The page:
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Volume 6 no 3


Cultivating our actions, speech and mind

In the Noble Eight-fold Path[1] taught by Buddha, the Right Action[1] advocates practitioners of Buddhism to pursue all that are virtuous with zeal and a commitment to progress. Such should be the correct attitude whether in our career or in pursuit of the ultimate truth. The following short story may help to illustrate Buddha's teaching more clearly.

Karma refers to the actions committed by human beings. We commit positive and negative actions called virtuous karma and evil karma respectively. If we wish to part with suffering and attain happiness and blessings, then we have to eradicate our evil karma and make every effort to perform virtuous karma instead.

Regardless of virtuous or evil karma, they are all created by the actions of our body, speech and mind. These are called the Three Karmas – body karma, speech karma and mind karma. When we are virtuous in our actions, speech and thoughts, then we are virtuous in the Three Karmas, otherwise we are evil in the Three Karmas. If we wish to detach from the virtuous and evil karmas, and cultivate the pure karma, which of the Three Karmas should we begin with?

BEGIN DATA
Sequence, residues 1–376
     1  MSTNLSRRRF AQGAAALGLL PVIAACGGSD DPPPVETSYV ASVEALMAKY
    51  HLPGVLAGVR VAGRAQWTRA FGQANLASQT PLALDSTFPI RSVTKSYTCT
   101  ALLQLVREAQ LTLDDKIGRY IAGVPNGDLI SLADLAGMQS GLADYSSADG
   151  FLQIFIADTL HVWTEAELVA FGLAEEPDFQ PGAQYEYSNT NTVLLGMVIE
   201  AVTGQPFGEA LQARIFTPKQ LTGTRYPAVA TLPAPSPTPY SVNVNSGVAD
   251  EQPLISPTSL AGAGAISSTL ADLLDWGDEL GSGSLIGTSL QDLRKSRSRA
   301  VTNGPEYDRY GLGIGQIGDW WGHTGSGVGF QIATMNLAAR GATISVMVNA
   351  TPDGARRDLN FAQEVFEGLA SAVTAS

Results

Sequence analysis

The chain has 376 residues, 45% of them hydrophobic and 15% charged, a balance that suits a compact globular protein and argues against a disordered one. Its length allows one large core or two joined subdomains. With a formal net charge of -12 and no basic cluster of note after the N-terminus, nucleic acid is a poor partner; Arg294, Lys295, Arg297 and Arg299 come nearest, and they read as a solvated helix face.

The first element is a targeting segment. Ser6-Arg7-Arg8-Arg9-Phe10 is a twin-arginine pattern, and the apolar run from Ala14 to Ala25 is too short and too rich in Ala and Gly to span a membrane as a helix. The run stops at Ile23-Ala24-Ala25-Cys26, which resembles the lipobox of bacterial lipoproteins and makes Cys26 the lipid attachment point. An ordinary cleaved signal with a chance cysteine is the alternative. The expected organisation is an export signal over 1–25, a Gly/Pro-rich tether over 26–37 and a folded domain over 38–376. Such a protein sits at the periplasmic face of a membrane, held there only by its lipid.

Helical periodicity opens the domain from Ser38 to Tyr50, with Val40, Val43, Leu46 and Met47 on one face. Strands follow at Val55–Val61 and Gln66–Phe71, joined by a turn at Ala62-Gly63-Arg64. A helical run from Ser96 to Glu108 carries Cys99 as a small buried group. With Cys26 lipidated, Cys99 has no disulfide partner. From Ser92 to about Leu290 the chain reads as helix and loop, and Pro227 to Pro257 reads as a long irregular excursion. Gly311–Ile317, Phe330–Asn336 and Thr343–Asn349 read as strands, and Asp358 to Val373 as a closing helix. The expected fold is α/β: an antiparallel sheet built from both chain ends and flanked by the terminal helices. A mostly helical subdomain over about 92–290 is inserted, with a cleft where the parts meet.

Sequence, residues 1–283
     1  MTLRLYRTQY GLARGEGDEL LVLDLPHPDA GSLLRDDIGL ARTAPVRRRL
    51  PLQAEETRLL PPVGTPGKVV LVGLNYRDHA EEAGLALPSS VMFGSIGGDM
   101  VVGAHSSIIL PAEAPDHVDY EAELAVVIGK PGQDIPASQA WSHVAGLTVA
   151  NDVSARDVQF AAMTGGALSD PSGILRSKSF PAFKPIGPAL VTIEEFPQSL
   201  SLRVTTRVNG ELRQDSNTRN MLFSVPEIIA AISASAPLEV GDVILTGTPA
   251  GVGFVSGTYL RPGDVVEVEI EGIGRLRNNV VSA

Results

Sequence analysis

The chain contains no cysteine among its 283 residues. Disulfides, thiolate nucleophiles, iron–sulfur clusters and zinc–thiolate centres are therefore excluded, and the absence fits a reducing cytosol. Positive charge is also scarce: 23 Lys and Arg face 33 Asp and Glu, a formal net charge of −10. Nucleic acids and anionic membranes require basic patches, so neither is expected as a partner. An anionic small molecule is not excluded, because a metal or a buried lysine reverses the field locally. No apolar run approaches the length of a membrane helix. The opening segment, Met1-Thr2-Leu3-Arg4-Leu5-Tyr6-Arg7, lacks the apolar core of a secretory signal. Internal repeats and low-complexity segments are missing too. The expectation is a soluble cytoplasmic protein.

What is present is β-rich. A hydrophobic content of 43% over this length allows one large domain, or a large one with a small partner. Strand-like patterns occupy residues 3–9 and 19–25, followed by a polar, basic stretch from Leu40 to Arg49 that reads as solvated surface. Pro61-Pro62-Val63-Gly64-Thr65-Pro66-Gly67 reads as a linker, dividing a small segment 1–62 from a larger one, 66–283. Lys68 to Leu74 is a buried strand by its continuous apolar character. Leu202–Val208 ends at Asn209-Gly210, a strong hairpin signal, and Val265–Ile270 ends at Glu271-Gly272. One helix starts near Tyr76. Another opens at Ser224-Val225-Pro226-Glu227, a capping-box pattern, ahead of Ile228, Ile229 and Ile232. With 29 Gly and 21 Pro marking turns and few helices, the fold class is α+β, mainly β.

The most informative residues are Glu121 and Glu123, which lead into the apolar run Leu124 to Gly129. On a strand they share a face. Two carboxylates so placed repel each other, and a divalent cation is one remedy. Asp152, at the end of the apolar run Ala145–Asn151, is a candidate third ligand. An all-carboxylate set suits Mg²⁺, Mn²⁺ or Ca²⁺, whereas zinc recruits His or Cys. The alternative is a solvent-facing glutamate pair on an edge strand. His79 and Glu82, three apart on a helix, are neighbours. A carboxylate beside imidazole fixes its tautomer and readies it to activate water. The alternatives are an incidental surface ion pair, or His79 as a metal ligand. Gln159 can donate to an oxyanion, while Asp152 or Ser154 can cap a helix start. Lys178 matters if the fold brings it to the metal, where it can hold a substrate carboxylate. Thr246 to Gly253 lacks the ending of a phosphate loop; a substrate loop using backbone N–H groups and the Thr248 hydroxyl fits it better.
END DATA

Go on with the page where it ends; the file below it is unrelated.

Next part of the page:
According to the sutra there was a king who asked Buddha which of the Three Karmas is most important.

Buddha replied, “The mind karma is most important, followed by the speech karma.”

The king asked, “Why is this so?”

Buddha answered, “All the actions of human beings originate from his mind, followed by his words and eventually resulting in actions such as the taking of lives, stealing or sexual misconduct which are either committed by themselves or by other parties. All of people’s offences and karmas are committed concurrently in this manner. A person’s karmas go with him when he dies. Yet, although his body and tongue are still intact when he dies, he can neither talk nor move. Why is this so? Because, when a person dies, his mind consciousness leaves his physical body and is no longer there to direct his tongue or his body. We know from this that the mind is the principal architect. Therefore, we have to cultivate the mind first. When the mind is pure, then all the Three Karmas will be pure.”

On hearing this, the king replied, “World-honoured One. I understand now.”

Buddha gave another example, “The human mind is like the grass or wood drifting in the river. They drift individually. They do not look at each other; those in front do not care about those who are behind and vice versa. It is the same with the human mind. One thought arises and another ceases, much like the grass or wood drifting in the river. They do not care for each other and they just flow with the current.”

We can see that what Buddha said proves the existence of the sentient being in the human mind and the difficulty in subduing our thoughts. Therefore, I constantly advise all the cultivators of the world that:

To cultivate our actions is not as good as to cultivate the body,
To cultivate the body is not as good as to cultivate the mind,
To cultivate the mind is not as good as non-arising of the mind.

When a cultivator maintains the stage where illusory and distracting thoughts no longer arise, then all his endeavours will be very smooth.

Copyright 2002.Jen Chen Buddhism Centre